First, you’d watch TED Talks. So cross-disciplinary!
Johnny Lee shows Wii Remote hacks for educators (2008). Sir Ken Robinson says schools kill creativity (2006). Elizabeth Gilbert on nurturing your genius (2009). Daniel Pink on the surprising science of motivation (2009).
Then you’d read Jonah Lehrer’s blog Frontal Cortex, and see how human behaviour could be explained by neuroscience.
A little bit of daring piracy opened up American TV to you long before the laggard Australian networks got round to showing the best shows.
And as for memes…! It felt so nice to be among the first people to get the joke, any joke. So that when friends from school or your aunties posted a macro to Facebook you’d think, “Ew. That’s months old.” And pity them.
Workwise, instead of reading the ad trade rags, you’d follow ad blogs, cooler and quicker on the uptake in spotting great work.
You’d go to Cannes and think “this stuff was all on the internet a year ago.” (Or was that just us? Sorry Cannes.)
You follow @brainpicker, or at least trust that her best stuff will be RTed into your stream.
And what’s the problem?
The problem is everyone’s doing it! We’re all the same. And so it’s not interesting any more!
Well, that’s what it feels like nearing the end of a long year.
You like to say “Science!” in a weird, self-congratulatory way. You wear jeans during the day, and fancy jeans at night. You listen to music featuring wispy lady vocals and electronic bloop-bloops. You really like coffee, except for Starbucks, which is the worst… Pixar. Kitty cats. Uniqlo. Bourbon. Steel-cut oats. Comic books. Obama. Fancy burgers. You listen to the same five podcasts and read the same seven blogs as all your pals… You are boring. So, so boring.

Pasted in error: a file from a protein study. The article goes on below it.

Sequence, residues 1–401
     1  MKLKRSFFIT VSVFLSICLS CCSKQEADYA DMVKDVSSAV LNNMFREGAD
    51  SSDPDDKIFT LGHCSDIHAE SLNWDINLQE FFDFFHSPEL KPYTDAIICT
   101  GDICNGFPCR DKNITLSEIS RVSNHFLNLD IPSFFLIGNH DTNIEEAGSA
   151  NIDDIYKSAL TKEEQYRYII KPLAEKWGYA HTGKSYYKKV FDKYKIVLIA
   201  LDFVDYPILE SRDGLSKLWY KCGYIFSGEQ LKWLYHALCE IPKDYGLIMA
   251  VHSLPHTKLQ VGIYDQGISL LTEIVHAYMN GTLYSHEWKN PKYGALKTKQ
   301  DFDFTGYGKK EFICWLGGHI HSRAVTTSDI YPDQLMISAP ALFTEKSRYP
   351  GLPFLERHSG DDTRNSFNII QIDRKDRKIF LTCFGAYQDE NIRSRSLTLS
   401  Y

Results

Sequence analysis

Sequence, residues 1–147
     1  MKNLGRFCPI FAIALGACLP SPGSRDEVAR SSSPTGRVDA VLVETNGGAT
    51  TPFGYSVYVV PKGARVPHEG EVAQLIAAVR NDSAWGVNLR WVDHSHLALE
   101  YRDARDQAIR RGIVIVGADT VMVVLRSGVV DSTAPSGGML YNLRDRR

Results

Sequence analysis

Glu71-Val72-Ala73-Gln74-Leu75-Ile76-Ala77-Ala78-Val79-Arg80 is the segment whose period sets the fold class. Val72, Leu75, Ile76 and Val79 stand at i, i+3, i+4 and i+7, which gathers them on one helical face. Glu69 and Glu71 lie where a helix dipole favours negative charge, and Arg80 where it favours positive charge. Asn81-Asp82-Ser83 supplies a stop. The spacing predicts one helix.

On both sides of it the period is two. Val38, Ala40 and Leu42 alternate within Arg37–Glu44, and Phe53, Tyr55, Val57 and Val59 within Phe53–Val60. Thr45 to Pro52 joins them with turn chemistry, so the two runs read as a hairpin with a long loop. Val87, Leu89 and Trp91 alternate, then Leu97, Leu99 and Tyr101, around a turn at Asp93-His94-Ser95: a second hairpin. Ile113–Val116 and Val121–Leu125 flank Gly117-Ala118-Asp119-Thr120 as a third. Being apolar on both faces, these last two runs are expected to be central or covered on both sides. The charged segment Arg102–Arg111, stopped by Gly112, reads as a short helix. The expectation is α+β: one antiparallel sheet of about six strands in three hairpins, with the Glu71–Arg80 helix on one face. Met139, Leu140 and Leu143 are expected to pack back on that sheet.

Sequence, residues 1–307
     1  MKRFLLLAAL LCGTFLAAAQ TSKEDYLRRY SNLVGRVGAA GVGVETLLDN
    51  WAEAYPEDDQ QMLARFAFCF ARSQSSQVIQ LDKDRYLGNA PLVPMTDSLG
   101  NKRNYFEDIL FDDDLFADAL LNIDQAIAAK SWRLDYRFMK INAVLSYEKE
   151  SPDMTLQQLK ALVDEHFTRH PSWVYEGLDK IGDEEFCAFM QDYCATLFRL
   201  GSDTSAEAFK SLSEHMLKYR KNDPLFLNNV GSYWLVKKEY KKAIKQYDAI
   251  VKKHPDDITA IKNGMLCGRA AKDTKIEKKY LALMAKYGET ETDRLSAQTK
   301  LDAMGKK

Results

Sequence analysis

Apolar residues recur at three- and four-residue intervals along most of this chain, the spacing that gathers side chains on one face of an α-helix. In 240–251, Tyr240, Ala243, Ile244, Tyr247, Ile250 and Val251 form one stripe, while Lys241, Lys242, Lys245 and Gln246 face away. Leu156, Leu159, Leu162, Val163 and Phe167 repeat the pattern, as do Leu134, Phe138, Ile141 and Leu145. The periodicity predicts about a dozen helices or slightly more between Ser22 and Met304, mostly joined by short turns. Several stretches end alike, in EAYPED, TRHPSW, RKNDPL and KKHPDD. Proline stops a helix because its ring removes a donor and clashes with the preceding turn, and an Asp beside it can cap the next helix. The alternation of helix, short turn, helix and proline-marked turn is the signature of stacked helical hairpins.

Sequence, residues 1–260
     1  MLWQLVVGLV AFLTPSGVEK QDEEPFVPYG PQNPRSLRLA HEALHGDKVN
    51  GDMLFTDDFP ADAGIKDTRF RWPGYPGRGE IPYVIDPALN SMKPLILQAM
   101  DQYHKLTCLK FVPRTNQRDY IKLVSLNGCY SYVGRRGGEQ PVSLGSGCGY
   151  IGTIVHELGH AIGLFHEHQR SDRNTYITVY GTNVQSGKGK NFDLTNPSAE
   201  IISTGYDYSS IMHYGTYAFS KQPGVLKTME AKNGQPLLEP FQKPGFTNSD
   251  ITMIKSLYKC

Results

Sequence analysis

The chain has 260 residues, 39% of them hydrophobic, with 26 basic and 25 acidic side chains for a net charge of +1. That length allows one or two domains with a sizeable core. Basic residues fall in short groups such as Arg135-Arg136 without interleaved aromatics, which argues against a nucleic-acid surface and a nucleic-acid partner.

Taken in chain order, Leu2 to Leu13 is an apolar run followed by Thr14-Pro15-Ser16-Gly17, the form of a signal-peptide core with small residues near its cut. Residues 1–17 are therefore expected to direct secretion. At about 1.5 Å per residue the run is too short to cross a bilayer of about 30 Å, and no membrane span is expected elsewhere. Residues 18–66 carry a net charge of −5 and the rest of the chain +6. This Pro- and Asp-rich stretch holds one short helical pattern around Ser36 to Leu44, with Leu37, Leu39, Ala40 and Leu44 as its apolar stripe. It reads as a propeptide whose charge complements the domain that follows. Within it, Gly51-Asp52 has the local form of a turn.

What would happen if we stopped listening to the same five podcasts and reading the same seven blogs as our friends?
Would it impact our work? (Would our ideas be more fresh, or less?)
Would it impact our friendships? (Do we need a baseline knowledge of the same exact stuff to be able to connect?)
Would we still be able to imagine the future and what’s next without other people’s prognostications to help us?
Scott Simpson recommends some ways to be less boring.
- When talking to someone, “give a conversation some air. Really listen. Ask questions…”
- Consider why you’re sharing something to your networks. “Why are you adding that link to Facebook? Will it be valuable to the many people who will see it? Or are you just flashing a Prius-shaped gang sign to your pals? If it’s the latter, keep it to yourself.”
- Instead of instagramming your lunch or doing a boring status update, “could you find a better way to communicate your experience?” Focus on proper storytelling and “give us a reason to care.”
- “As you widen your social circle, work on your intellectual one as well. Expose yourself to new writers. Hit the Random Article button on Wikipedia. Investigate the bromides your friends chuck around Twitter like frisbees.”
Here at Nextness, we are too reticent to actually call you boring to your face.
Especially as we read all those blogs and listen to all those podcasts you do too! (And love them! And make it our life’s work to curate the best of them for you!)
But our resolution for next year is to consume more consciously. To share more consciously. To go a little bit deeper; be a little bit more off the beaten track.
To not just produce “content” for contents’ sake. (After all, buckling under that pressure was what got Jonah Lehrer in trouble.)
And to unsubscribe from TED Talks.